His influence was like a pebble in the water, sending out ripples. I had no idea of his strong impact, busy as I was taking care of business. Oh, my!
Thanks for your empathetic reply, just like you, Kathy!
I enjoyed viewing the tribute to your brother. I am so sorry for your loss.
Romana, how sweet to see you here and thanks for the message of condolence. Sometimes I do see you and your girls on Facebook. I often think of you and wonder how you are doing. Thanks, my friend!
Sometimes I can be a little late with my post because I have no words at that moment to reply and this time your blog has made me think .
How beloved was your brother , what fond memories you have of him . I think memories are the key , the tool we need to cope with grief . Remembering those special moments you had together , funny , sad , crazy, and maybe the quiet insignificant moments, that at the time mean nothing . Treasure those memories Marian , never let them go .
You are just on time, Cherry. Never worry when you post.
RIght now I am remembering a crazy time. Last year when we were finalizing the order for Aunt Ruthie’s tombstone inscription, the man “in charge” couldn’t figure out how to accept checks and credit cards from the four of us. He was completely flummoxed even though we tried to help him sort it out, and Mark said, “That guy is crazy.” Thanks for prodding my memory, Cherry!
Marian, your tribute to Mark in pictures is unique. I like it–the reader, or should I say viewer, receives greater vision into the person and his/her place in the family. Thank you especially for your words relating to the loss of a sibling and the adjusting birth order. Bob’s closest friend in this life was his brother, Jim. Bob is the youngest of six; Jim was three years older than Bob. I don’t know when or if Bob will ever get over Jim’s death seven years ago. So much wisdom shared through Mark’s life. Such precious memories in images. Thanks again.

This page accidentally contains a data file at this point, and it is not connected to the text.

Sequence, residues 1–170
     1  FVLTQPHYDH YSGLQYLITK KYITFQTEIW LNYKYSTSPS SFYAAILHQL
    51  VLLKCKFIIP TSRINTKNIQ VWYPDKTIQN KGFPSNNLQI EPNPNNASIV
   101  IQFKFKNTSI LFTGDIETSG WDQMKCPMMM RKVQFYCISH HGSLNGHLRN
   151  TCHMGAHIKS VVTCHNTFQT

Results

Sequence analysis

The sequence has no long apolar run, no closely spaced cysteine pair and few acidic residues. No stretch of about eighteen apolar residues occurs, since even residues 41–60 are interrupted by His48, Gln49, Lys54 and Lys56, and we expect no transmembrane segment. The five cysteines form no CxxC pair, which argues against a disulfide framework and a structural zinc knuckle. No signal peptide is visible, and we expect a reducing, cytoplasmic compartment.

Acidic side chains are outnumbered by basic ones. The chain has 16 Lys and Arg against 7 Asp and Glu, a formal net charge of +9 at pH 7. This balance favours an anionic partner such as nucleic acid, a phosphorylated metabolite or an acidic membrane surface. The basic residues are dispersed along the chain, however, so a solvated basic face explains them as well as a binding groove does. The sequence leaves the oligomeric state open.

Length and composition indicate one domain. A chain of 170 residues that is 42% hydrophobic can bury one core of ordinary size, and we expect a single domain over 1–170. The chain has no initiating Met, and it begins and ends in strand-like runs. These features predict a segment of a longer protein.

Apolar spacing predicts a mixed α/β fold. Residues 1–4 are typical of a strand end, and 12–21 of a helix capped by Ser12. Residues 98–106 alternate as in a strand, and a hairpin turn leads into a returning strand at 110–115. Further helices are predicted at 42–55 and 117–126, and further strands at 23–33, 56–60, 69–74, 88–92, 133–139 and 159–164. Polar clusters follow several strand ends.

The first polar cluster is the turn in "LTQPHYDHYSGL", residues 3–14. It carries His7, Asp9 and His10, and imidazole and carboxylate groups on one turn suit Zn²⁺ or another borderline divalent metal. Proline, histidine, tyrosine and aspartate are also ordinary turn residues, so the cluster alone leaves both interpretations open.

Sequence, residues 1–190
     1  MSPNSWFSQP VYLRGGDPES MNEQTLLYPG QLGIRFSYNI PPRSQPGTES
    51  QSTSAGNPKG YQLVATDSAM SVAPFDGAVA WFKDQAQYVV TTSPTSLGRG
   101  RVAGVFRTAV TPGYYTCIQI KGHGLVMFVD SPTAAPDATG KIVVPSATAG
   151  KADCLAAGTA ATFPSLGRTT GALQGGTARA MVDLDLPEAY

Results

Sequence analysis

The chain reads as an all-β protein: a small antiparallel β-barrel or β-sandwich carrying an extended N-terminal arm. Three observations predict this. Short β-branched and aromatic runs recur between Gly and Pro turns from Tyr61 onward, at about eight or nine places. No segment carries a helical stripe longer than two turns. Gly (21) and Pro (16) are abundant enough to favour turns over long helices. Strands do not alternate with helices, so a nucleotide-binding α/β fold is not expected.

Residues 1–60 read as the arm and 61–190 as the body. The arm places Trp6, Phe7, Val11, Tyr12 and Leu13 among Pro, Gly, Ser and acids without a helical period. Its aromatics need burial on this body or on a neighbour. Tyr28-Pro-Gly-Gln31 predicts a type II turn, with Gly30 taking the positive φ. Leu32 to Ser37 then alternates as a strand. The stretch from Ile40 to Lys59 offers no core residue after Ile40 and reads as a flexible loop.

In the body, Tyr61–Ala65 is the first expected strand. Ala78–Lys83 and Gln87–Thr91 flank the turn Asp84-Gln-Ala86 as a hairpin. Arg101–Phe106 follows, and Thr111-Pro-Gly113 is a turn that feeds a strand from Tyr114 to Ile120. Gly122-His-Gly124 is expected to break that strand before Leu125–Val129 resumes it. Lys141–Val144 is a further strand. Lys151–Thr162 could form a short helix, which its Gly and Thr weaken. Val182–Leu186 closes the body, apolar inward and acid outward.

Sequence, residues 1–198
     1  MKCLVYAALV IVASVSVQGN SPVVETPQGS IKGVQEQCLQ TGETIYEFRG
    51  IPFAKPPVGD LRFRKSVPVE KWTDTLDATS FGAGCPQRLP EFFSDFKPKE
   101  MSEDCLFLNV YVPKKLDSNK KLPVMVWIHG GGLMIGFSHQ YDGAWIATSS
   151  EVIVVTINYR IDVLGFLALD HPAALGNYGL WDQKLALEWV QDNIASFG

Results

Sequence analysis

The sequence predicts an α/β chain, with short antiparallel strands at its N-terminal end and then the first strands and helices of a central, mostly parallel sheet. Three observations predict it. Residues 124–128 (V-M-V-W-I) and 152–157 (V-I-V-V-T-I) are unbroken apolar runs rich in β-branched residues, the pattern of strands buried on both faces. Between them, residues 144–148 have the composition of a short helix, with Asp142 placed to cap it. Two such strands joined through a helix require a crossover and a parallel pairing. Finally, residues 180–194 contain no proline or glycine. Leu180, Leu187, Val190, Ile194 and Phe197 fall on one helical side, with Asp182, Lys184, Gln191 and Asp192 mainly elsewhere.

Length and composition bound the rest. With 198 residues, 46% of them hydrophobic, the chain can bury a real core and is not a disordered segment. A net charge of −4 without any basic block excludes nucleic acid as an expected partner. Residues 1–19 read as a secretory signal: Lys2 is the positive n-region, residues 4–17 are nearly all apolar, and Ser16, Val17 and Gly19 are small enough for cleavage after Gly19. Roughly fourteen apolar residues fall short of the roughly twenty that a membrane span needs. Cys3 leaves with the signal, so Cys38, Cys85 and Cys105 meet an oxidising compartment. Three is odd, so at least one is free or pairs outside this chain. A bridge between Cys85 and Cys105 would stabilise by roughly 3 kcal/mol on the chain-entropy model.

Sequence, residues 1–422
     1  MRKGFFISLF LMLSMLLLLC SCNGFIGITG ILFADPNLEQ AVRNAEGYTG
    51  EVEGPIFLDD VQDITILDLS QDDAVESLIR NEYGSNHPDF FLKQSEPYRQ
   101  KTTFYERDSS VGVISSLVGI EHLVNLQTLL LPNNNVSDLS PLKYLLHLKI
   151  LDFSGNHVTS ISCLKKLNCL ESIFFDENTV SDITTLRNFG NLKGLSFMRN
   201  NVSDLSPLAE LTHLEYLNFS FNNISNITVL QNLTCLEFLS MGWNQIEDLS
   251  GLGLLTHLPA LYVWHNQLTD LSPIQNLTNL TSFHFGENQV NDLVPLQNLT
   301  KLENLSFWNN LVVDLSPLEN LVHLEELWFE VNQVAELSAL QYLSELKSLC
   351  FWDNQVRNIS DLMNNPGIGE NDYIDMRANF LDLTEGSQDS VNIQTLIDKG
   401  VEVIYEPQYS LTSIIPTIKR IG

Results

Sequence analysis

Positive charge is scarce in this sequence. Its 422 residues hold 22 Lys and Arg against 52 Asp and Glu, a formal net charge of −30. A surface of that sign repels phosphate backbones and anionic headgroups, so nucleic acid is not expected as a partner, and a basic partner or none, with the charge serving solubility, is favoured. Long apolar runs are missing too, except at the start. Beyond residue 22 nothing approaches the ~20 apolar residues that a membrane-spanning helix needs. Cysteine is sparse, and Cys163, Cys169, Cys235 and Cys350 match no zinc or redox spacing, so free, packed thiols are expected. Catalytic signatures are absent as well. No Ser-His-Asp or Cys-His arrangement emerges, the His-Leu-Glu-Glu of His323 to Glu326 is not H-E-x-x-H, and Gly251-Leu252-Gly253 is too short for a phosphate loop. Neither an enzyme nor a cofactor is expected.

My condolences to Bob and his family on the passing of his brother Jim. I notice that you refer to Jim as both brother and closest friend; what a wonderful relationship they must have had. No wonder the grieving process is still so intense.
You mentioned the blending of words and images. I find that photos often spark writing and vice versa. Funny how that works. Thank you for your wise observations here, Sherrey!
What lovely words, Marian. Grief is part of what life is all about and it brings just what you share here … love, hope, and new perspectives. None of us gets off the hook on this one. It is through grief that we awaken to the mystery.
You are the first person to comment on the mystery of the death and grief connection. I know that Mark’s spirit is still alive though his body is gone, but how that all happens is surely a mystery. Thank you for mentioning that, Joan. 🙂
You painted a heartwarming picture of your brother’s life. Thank you for sharing that with us. How special that you got to observe how many lives he touched in life! I’m so sorry for your loss. May the warm memories of the past soften the pain of grief in the present.
Thank you, Ruthie. You express my feelings so very well, including this comforting idea of the “warm memories of the past soften the pain of grief in the present.” It’s so good to see you here.
I’m so sorry for your loss, Marian. I know the feeling. I lost my sister a few years ago. It was a tough time to go through and I still miss her. You’ll probably think of your brother at the strangest times. Siblings just can’t be replaced. You have my sympathy.
You understand my tough journey now, simply because you have experienced the loss of your sister. You and she shared so much history, especially childhood and early life. You are right to observe “Siblings just can’t be replaced.” Thank you, Anita!
I’m so sorry for the loss of your little brother, Marian. I’m keeping you in my prayers. May God’s comfort be with you as you journey through this inexplicable sorrow.